Revive Our Hearts Podcast

You Can Develop More Self-Control

Leslie Basham: Trials could be very helpful to you in 2010. Here’s Nancy Leigh DeMoss.

Nancy Leigh DeMoss: You want to be spiritually mature? Then you’ve got to have staying power—steadfastness. You want to have steadfastness? Then you have to have trials to test it. It’s not just having the trials that makes you steadfast. It’s responding to those trials with faith and joy. There are a lot of people who go through trials and don’t come out steadfast. You only come out steadfast if you receive them and count it all joy.

Leslie: You’re listening to Revive Our Hearts with Nancy Leigh DeMoss for Friday, January 15.

One of our listeners had this to say about the program that aired yesterday:

The message today is an answer to my prayer. Right now at this moment, I’m struggling intensely with sexual purity. I was not raised in a Christian home, but I’ve always felt in my heart that intimacy outside of marriage is wrong. Now I know firsthand just how destructive it can be. I look forward to the message tomorrow on how to get self-control. Please pray for me.

Well, we’re about to hear that message on self-control. It’s part of the series, Adding to Your Faith.

Nancy: We talked in the last session about self-control being self-denial, limiting, voluntarily placing limits on our freedom, not just giving into our bodies or our flesh. I think we all agree that self-control is important. It’s something we need. It’s something we feel we fail to have. But I want us to understand today that this issue of self-control is not primarily a matter of sheer human effort or willpower.

There’s a sense in which an unbeliever can exercise willpower. I mean, unbelievers can go on diets and lose weight. They can just say, “I’m just not going to eat this,” or “I’m going to go on Adkins,” or “I’m going to go on Weight Watchers,” or “I’m going to go to this class.” They can sign up at the “Y” for an exercise program or aerobics class and stick with it by just sheer will power. It has nothing to do necessarily with God enabling self-control in their lives.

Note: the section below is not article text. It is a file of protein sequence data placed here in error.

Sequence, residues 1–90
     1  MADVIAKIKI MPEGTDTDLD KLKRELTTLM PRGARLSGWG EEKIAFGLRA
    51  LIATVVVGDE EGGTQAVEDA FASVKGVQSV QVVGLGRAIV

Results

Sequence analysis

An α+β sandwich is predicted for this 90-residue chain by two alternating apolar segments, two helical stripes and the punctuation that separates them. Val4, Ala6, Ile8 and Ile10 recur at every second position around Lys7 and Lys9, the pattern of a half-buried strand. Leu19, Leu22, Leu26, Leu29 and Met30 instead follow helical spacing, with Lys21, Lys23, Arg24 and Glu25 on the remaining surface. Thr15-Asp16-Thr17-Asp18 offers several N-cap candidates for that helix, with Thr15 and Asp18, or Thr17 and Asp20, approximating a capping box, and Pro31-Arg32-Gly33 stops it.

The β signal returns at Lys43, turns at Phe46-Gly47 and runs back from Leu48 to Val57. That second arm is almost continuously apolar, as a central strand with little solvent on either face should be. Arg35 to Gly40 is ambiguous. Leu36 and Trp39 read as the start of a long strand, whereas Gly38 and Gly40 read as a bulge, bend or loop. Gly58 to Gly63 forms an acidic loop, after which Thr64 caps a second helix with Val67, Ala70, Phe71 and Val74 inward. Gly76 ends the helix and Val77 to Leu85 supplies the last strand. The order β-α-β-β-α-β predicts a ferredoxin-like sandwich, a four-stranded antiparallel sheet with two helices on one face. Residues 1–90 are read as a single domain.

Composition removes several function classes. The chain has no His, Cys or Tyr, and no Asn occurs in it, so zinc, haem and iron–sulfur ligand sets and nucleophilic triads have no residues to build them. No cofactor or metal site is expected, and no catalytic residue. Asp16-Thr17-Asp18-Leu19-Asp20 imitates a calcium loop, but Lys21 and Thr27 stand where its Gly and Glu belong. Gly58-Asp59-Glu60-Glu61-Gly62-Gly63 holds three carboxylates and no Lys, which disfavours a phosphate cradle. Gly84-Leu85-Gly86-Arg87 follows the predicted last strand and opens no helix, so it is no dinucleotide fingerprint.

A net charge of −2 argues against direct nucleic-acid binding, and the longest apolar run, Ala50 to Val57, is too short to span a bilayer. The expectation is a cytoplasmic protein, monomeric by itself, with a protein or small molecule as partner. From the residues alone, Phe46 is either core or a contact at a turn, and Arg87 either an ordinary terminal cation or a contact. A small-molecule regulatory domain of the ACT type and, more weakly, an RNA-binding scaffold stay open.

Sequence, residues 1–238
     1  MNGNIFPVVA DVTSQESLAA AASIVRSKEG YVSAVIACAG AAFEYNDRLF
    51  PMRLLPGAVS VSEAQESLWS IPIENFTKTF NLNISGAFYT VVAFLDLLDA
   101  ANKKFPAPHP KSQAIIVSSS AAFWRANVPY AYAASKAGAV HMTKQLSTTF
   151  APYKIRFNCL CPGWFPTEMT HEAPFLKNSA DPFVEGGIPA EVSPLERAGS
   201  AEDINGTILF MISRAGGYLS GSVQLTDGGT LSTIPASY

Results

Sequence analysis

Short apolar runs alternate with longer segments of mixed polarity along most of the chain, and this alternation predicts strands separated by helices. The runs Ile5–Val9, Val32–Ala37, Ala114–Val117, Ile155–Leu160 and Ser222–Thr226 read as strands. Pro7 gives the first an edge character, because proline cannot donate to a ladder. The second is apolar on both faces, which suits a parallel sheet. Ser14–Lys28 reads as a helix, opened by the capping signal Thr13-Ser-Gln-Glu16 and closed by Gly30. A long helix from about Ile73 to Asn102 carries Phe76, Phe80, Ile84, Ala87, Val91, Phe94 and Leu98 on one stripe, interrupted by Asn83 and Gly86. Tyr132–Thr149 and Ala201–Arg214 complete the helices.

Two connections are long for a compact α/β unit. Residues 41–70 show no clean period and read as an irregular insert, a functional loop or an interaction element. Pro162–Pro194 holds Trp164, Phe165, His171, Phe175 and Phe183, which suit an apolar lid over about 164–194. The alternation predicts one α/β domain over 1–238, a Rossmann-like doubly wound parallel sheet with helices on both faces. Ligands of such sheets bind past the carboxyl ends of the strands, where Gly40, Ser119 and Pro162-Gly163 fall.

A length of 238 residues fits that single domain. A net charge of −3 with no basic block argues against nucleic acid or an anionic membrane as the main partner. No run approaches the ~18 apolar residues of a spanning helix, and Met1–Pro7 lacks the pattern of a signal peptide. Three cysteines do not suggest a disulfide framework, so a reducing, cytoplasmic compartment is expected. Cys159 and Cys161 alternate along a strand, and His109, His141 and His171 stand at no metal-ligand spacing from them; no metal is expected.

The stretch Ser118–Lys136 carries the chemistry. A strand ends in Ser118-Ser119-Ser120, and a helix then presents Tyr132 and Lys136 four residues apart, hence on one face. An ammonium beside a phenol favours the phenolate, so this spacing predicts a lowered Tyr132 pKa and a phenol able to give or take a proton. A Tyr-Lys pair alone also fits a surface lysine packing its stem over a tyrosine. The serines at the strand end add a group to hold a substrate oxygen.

Unbelievers can be disciplined in their use of time. They can be highly disciplined people. But I find many Christians who are striving and struggling to be more disciplined, to exercise self-control and finding that it often leads—if it’s just human willpower or human effort—it leads to one of two things.

The first is frustration and failure. You find that you blow it. You may have many areas of your life that are well-disciplined and under control, but then there’s that one area of your life, and you keep getting stuck in that.

I find for me, and I’ve talked about this on Revive Our Hearts before, the issue of food is one of those for me. Sometimes my reasoning goes like this, “I have to be disciplined in every other area of my life, so why can’t I have this one thing where I just let my hair down and let go?” The problem is, and some of you who are my friends know this, when I let go in that one area of my life, other areas start to tumble.

Well, if we just exercise sheer human willpower, we’re going to find there are one or more areas of our lives where we just get frustrated and fail. Then we’re tempted to give up. We get discouraged. We get into this recurring cycle of defeat.

Or perchance we succeed. That leads to that sin of self-righteousness. “I’ve got it down. I’m a disciplined person. I kept my New Year’s resolutions.” Sheer willpower—neither of those is pleasing to the Lord.

The biblical view of self-control goes way beyond sheer willpower. It goes beyond what we can do on our own. It’s something that’s supernatural.

But self-control is a fruit of the Spirit. We need the Holy Spirit to deal with the passions, the drives, the desires of our flesh. That’s why we read in Ephesians chapter 5 this contrast. “Don’t get drunk with wine, for that is debauchery.” That’s excess; that’s lack of self-control. That’s self-indulgence. I think you could say instead of “Don’t be drunk with wine”—“Don’t go on an eating binge,” or “Don’t go on a spending binge.” Don’t do anything that is excessively just giving in to the lusts and the passions and the drives of your flesh.

“But instead,” here’s the contrast, “be filled with the Holy Spirit” (verses 18-19). Get under the control of the Holy Spirit. Instead of excessive, intemperate living, be under the control of the Holy Spirit in every area of your life because He is your source of power to say "no" to your flesh and "yes" to God.

Now in that light, let me ask you to turn to the book of Galatians chapter 5. Let’s just read through a passage there that I think gives us such hope and help in this area of self-control.

Galatians chapter 5, first verse 16. The apostle Paul says, "But I say, walk by the Spirit, and you will not gratify the desires of the flesh."

If you find that you’re being under the dominion of the drives and passions of your flesh, then that means you’re not walking by the Spirit. You can’t be under the control of the Spirit and at the same time be a slave to your flesh.

So he says, instead of just telling them, "Don’t gratify the desires of the flesh.” He says, “Instead walk by the Spirit,” in the power of the Holy Spirit. You’ll be doing one or the other. You’ll either be walking by the Spirit, or you will be gratifying the desires of your flesh.

Now go down to verse 19. He says,